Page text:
The glorious Dolomites in the eastern section of the Alpine range and adjoining South Tyrol are arguably Europe’s finest walking destinations. The Dolomites are characterised by outcrops of pink and white limestone, mountain meadows carpeted in flowers, exhilarating Via Ferrata (fixed rope climbs) and some spectacular high-ridge paths.
South Tyrol, in spite of its name, is part of Italy and not Austria, as you might first think. With its snow-capped mountains, apple orchards and lush wine-growing valleys, flowers in abundance, historic castles and picturesque villages such as Arabba, Cortina d'Ampezzo and Wolkenstein, South Tyrol offers some of the most beautiful scenery in Italy.
Paths are well-maintained and plentiful and there is a network of huts (“rifugi”) which offer lodging and meals during the ‘official’ hiking season, from mid-June to mid-September – although this is a region blessed with sunshine. On average, 300 days a year are clear and sunny in the Dolomites and South Tyrol, making it a year-round destination for hiking from spring to early autumn and for skiing in winter. You can choose between more challenging, high altitude walks and gentler, quiet valley trails that meander through traditional hamlets.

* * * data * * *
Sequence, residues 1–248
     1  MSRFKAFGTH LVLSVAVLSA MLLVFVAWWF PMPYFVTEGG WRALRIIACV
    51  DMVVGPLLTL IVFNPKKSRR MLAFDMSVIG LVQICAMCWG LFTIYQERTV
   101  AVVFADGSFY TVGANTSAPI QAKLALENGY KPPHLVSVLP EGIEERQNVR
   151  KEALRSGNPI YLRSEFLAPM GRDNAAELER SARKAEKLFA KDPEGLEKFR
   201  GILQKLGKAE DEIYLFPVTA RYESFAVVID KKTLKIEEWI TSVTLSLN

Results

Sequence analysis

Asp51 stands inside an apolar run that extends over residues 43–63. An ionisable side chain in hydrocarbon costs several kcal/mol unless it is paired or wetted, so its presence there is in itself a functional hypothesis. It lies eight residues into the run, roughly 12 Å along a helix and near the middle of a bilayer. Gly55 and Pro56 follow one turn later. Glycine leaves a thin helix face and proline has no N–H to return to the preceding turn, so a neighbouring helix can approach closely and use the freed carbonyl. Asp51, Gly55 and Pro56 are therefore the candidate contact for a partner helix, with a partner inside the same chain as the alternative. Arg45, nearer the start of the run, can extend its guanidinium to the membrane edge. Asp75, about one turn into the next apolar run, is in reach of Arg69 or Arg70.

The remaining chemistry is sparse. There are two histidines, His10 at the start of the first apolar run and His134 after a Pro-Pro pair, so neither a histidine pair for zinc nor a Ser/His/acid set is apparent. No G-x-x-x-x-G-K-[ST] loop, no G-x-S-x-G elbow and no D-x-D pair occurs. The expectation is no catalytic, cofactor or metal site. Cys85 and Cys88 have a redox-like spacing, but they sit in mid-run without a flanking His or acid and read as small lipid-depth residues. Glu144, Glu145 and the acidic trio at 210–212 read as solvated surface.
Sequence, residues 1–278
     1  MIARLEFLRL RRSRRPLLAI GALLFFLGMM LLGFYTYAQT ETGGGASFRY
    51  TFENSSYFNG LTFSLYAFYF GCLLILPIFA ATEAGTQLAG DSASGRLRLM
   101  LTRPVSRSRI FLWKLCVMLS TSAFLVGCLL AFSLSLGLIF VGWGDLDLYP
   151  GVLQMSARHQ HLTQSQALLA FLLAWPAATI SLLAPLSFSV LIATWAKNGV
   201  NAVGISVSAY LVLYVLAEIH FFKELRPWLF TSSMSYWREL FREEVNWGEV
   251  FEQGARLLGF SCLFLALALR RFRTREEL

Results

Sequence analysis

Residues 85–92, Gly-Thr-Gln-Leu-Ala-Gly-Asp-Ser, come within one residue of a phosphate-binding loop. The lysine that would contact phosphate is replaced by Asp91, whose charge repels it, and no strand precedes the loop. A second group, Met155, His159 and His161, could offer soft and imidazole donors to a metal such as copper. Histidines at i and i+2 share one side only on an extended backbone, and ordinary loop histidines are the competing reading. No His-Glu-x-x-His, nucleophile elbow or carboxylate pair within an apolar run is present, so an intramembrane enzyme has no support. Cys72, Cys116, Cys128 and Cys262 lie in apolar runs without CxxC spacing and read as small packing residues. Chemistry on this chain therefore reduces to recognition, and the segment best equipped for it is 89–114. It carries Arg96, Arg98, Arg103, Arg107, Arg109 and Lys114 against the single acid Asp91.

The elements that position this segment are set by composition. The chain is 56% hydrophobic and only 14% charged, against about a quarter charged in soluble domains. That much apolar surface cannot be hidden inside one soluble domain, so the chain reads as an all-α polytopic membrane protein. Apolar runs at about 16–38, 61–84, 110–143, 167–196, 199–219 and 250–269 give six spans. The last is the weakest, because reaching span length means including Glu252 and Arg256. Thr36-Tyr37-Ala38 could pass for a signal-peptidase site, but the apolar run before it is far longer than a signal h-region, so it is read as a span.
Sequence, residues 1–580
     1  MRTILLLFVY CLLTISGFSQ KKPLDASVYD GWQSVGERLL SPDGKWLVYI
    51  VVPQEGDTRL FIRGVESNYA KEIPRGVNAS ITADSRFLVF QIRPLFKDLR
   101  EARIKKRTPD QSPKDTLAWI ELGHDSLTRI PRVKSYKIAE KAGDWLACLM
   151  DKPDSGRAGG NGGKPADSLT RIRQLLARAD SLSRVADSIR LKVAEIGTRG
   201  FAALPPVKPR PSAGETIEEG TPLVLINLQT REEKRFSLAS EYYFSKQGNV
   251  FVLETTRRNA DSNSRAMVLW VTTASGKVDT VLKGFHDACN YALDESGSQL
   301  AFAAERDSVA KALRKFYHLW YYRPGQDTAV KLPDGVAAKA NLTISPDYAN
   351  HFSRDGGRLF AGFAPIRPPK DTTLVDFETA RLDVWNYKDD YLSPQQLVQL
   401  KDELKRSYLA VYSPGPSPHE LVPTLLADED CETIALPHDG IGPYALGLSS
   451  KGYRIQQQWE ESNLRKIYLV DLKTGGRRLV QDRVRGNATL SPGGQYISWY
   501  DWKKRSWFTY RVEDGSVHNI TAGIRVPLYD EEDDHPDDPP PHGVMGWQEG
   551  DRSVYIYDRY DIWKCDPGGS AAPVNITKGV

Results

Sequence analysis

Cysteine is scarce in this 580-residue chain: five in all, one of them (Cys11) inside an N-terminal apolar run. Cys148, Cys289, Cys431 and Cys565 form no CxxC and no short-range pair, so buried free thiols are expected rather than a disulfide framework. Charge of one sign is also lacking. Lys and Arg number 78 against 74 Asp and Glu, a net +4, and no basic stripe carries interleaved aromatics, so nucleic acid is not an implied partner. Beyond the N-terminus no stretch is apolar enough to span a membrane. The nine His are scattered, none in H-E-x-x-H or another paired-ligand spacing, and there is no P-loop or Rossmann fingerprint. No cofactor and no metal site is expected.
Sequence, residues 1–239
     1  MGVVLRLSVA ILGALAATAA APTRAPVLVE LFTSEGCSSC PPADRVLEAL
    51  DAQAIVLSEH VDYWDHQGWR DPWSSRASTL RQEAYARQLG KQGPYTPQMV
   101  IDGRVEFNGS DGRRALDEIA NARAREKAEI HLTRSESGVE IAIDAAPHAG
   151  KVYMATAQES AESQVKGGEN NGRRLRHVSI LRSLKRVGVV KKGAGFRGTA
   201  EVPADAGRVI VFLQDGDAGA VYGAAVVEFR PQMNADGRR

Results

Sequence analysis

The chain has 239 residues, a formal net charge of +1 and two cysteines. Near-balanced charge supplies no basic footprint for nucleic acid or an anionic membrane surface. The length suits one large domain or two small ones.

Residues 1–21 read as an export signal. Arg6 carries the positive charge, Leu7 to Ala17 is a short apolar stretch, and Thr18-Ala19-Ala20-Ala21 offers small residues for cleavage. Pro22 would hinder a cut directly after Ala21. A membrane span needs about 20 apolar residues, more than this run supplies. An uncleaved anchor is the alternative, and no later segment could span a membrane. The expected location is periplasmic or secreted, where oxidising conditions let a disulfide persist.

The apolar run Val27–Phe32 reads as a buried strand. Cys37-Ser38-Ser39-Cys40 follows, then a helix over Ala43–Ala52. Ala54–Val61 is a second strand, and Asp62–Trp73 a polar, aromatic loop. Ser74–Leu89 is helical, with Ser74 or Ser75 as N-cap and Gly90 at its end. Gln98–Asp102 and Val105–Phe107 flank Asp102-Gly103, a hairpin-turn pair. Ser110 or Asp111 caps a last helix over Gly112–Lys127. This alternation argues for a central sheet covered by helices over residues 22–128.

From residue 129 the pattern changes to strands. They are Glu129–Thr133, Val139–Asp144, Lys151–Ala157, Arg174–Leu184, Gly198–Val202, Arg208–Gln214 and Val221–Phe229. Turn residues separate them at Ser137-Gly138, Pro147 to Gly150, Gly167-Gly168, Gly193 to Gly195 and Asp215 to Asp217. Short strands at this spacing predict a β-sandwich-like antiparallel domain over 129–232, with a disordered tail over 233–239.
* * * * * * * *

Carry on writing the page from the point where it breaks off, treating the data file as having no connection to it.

Some of the highlights in this region include the pretty Tyrolean village of Dobbiaco, the starting point for a week-long walk into the high and rugged peaks of the Alta Pusteria Valley, recognised by UNESCO as one of the world’s most spectacular mountain environments, and the Tre Cime, three huge obelisks of sheer rock that have together become one of the region’s most famous landmarks.